and Legend of Juro Jánošík,
Became Captain of the Band of Outlaws by beating Hrajnoha
Well, to become the captain
of a band of men like that of Uhorčik was not like rearranging three
sheaves of wheat in a field. Moreover, when a man like Hrajnoha coveted the
leadership, it was even more difficult. He was sly as a fox, as supple as if he
had no bones in his body, and strong as a young bull. He also had much
experience of the world and robbing, for the mountains had been his home and the
robber’s band his family since he was fifteen.
Quite so! If Jánošík was
to become the highwaymen’s captain, he had to measure his strength against no
other than Hrajnoha.
If Hrajnoha had only known
who Jánošík was and what he had been given in the last days… but from the
first moment, he took Jánošík for one who still has mother’s milk on his
He said, “Jánošík,
we’ll cut the tops off the trees, which one of us will cut off the highest
He did not wait. He swung
his valaška and the tree on the other side of the meadow was instantly a few
meters shorter. Then he looked at Jánošík, convinced that he would not dare
to try and equal his efforts. For Hrajnoha was a master of masters in handling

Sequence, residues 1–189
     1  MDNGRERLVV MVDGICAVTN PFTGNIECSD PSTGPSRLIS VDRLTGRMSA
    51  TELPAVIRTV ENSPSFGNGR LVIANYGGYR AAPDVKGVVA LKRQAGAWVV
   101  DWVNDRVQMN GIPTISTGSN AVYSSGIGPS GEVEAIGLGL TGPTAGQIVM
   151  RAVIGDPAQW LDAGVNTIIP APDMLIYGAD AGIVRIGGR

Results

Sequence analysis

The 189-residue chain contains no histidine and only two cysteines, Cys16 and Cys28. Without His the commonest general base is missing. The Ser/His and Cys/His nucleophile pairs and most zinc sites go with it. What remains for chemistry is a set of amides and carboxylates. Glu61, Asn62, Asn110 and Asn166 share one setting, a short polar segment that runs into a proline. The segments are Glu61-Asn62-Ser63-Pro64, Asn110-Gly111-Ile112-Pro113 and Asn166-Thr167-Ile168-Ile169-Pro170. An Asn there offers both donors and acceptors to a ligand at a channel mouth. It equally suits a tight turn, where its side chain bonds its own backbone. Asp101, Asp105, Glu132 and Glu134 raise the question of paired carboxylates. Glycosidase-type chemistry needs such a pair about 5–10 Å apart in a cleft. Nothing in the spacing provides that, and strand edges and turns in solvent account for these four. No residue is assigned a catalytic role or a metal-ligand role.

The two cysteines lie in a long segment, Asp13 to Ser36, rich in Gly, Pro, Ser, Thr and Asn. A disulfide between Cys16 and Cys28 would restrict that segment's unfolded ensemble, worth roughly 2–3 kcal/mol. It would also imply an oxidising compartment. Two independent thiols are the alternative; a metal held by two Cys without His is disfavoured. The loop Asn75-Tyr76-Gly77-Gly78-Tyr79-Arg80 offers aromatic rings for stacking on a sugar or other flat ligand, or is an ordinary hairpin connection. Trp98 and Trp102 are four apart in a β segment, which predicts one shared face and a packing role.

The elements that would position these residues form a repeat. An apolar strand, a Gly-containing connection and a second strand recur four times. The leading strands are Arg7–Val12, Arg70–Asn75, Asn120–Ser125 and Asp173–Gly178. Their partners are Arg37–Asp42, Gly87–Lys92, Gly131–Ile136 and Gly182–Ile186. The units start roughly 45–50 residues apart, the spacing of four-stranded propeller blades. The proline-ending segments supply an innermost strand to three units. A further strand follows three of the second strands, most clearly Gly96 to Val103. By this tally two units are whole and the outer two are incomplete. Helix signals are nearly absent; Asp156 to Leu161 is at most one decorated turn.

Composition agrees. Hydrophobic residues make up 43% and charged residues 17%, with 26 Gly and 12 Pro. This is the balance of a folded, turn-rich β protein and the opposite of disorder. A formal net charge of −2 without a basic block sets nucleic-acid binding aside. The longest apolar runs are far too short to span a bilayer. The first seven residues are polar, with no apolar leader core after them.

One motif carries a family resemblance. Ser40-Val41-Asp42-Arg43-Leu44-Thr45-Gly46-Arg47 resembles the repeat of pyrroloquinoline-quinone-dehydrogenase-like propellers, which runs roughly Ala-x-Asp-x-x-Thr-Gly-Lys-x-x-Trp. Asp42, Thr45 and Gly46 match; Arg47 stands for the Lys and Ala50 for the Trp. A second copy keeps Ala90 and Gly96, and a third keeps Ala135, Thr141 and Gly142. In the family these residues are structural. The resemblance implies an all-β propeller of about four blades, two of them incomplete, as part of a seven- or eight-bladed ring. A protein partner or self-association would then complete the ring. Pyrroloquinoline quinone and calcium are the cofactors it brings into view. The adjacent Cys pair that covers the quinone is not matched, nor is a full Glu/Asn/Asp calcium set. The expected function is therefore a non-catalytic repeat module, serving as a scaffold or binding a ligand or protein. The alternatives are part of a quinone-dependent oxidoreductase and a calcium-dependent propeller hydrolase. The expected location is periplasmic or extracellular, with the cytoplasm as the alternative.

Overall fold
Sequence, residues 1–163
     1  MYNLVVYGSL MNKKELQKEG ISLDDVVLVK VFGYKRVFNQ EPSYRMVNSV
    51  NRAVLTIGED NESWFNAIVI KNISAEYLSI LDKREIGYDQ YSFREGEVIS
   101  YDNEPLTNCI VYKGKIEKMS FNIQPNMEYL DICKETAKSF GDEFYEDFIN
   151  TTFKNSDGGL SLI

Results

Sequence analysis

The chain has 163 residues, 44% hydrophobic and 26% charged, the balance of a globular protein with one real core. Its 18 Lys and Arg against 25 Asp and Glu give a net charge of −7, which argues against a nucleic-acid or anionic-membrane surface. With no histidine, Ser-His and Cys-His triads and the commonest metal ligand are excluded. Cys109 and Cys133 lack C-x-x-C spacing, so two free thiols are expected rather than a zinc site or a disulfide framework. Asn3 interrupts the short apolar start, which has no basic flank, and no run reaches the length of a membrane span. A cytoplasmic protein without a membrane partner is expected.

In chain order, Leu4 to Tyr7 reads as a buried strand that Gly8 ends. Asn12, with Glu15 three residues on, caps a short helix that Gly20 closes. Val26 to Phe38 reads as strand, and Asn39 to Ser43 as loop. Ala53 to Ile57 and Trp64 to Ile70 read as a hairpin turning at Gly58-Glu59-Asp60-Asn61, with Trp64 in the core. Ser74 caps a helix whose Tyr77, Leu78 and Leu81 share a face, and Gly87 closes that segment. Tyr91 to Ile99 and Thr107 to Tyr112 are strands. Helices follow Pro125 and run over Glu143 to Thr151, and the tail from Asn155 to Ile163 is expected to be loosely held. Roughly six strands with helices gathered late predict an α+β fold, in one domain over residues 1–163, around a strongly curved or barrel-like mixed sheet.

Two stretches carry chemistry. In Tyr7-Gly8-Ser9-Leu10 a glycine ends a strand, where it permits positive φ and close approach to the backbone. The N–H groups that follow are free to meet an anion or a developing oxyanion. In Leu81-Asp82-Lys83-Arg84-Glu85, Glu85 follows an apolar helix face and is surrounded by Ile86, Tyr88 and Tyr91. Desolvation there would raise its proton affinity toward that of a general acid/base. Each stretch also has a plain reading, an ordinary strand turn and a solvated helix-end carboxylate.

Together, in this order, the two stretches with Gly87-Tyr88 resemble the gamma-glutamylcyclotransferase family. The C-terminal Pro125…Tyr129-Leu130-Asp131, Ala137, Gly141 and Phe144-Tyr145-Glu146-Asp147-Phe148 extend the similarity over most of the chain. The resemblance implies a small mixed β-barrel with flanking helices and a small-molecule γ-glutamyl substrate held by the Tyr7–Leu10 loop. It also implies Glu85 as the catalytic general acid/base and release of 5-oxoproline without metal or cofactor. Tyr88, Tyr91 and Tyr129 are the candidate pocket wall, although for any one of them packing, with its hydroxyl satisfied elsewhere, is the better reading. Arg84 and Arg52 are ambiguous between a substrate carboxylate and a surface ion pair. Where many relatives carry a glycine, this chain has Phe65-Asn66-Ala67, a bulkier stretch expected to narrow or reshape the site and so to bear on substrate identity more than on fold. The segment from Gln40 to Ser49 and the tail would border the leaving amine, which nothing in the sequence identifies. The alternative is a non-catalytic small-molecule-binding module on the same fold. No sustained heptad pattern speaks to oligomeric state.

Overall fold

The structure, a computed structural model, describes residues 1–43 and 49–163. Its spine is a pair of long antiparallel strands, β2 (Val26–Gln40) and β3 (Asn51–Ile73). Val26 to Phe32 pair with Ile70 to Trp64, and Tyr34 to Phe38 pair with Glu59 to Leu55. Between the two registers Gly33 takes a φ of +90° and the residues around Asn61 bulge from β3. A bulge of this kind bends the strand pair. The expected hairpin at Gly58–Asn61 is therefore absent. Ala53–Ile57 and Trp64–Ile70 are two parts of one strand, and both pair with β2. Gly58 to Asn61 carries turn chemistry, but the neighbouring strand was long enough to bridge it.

the valaška. But he did not have any idea of what sort of instrument his rival
might be holding in his hands.
Jánošík just smiled and
asked, “Can’t we find a higher tree in this forest?”
Jánošík looked around
for a tree that was at least three men higher than the previous one.
He turned his valaška
round and round above his head and slung it. The top of the tree fell as if cut
down by lightning. Yes, nothing could compare to the valaška Jánošík had.
Hrajnoha was silent and did
not say a single word. He only pondered. “Who knows what kind of spell has
been put on this. But, that boyko will not better me in jumping over the
The highwaymen prepared a
fire. They let it burn up high, continually throwing in brushwood. The flames
blazed higher and higher until they were as high as the head of a man standing
on the shoulders of another man, Jánošík and Hrajnoha kept leering at each
Which one of them would
Hrajnoha could not wait.